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Recycling is largely BS - totally profit driven not enviornmentally driven

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posted on Aug, 9 2018 @ 11:39 AM
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I recycle absolutely everything I can. We have to pay 💸💸💸 to drop off garbage, so everything that can be recycled brings that price down.

I rinse out well all plastics, cans, and bottles, because they will grow "growths" if they're not clean, and I only take everything in about once a month or so.

Living rural changes a lot of habits.

You're right though, it's mostly a farce. There's places that don't take glass and they'll suggest that you drive for four hours to get to a place that will take them, and I won't use up too much water getting labels off. It's just not worth it.

Also, there's so many things plastic can be made into once recycled, they should have figured that out years ago.

Tire rubber goes into some road making materials in Saskatchewan (I've heard), so that's a good thing.




posted on Aug, 9 2018 @ 11:48 AM
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Recycling was very popular in Oregon in the 70s and 80s....many people talking about creating cottage industries around recycled goods, and did just that. However, the city/county/state stepped in on behalf of the garbage companies and told the recycling businesses that they needed $20K to pay for special business licenses, etc. required to handle waste products...and the small recycle businesses were effectively killed. Since then, big business took over recycling in most cities, with co-mingled (everything in one bin)....since they started co-mingling, it's been widely believed it's all been going into our own landfill for years.



posted on Aug, 9 2018 @ 11:54 AM
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I've always said that prisoners should be put to work sorting trash at the landfill.



posted on Aug, 9 2018 @ 12:14 PM
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a reply to: Bluntone22

She owns the company.



posted on Aug, 9 2018 @ 12:42 PM
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Its simple economics and not rocket science. No profits = failed business or subsidized business and higher taxes. Does not matter if the taxes are levied on the producers or consumers, the consumers pay or the business fails.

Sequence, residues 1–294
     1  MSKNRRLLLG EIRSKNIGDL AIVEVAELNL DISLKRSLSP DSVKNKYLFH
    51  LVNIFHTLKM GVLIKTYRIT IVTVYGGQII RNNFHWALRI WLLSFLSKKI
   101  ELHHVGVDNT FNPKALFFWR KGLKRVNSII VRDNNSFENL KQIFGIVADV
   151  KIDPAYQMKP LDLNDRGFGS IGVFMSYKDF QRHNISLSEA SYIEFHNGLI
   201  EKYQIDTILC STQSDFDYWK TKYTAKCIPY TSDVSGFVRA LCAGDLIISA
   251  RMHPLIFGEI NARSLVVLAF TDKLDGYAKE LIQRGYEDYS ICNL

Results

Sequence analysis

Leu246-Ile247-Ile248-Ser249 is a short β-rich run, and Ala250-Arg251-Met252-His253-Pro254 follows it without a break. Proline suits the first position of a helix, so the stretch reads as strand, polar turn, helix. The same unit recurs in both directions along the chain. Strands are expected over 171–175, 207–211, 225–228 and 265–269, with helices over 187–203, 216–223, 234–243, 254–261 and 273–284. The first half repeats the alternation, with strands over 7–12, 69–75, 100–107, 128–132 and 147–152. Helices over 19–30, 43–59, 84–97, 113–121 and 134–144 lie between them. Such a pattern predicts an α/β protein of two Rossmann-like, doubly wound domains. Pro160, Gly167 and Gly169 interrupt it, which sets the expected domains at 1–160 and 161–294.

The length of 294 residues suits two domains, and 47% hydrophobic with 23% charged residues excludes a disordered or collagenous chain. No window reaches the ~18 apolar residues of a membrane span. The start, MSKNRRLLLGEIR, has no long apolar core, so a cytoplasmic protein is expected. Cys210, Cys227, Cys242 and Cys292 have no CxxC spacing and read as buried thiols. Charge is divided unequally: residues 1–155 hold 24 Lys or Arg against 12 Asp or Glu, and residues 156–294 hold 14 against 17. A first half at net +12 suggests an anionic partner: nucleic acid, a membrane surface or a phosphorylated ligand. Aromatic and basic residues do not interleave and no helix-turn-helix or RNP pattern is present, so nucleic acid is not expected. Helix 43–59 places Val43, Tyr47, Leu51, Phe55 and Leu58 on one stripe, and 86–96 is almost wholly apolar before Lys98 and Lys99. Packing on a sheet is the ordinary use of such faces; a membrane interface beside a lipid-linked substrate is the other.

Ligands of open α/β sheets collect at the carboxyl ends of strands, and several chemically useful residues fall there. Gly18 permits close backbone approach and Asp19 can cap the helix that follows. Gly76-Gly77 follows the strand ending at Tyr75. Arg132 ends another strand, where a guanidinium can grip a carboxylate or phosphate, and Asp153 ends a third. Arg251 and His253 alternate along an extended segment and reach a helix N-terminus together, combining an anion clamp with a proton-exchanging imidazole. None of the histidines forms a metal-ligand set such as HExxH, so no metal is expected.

Environmental activists, in fact activist in general tend to be illiterate about things like the costs or the general concept someone has to pay. There is no environment fairy that will pay the bills.

The only way it works is if the price for the products in the recyclable containers price is raised and its then covered by the consumers.

Of course its profit driven. No profits, no business, no jobs, no way to recycle. Its unrealistic and unreasonable to expect any business to run at a loss just because people want them to for whatever reason. The more profitable recycling is, the more good it will do.

People should stand behind anything that makes recycling viable if a better environment is the real goal. Problem is as I see it, to make it viable would mean the cost is covered by the manufacturer by charging the consumer more. Then those who complain about profits would complain about that. In the end, somebody pays.



edit on 8/9/2018 by Blaine91555 because: (no reason given)



posted on Aug, 9 2018 @ 01:23 PM
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a reply to: DigginFoTroof

Yep. Reusing existing materials doesn't save anything over creating new recyclable material. Doesn't help the environment at all.

Sigh.

Your posts just keep getting more and more amusing, thank you.



posted on Aug, 9 2018 @ 02:29 PM
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a reply to: hombero

Yeah let's look at plastics alone, which is basically what I was talking about, that and paper(s).

With plastics it takes about 20-50 bottles to make a kilo of plastic waste. How much water do you think is used just to rinse out or wash all that plastic? In places like the US south west where water is scarce, do you think this is an efficient use of water? Having to rinse out 20,000 - 50,000 bottles for 1 ton of plastic?

Then you have to factor in the time everyone spends washing these things out, then the sepereration, the individual collection, the transport (from curb, to sorting facility, then god only knows where else, then back to the consumer..). All that takes energy and from what I calculated, more than it takes to produce new material and that doesn't even factor in water use.